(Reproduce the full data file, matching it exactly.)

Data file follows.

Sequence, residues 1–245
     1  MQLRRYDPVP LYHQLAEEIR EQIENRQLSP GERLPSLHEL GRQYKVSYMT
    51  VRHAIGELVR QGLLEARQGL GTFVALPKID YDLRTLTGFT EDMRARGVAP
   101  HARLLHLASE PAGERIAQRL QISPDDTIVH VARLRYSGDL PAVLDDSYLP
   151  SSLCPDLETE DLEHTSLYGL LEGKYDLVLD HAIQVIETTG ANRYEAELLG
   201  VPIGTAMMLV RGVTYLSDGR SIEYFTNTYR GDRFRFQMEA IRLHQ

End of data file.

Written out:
Sequence, residues 1–245
     1  MQLRRYDPVP LYHQLAEEIR EQIENRQLSP GERLPSLHEL GRQYKVSYMT
    51  VRHAIGELVR QGLLEARQGL GTFVALPKID YDLRTLTGFT EDMRARGVAP
   101  HARLLHLASE PAGERIAQRL QISPDDTIVH VARLRYSGDL PAVLDDSYLP
   151  SSLCPDLETE DLEHTSLYGL LEGKYDLVLD HAIQVIETTG ANRYEAELLG
   201  VPIGTAMMLV RGVTYLSDGR SIEYFTNTYR GDRFRFQMEA IRLHQ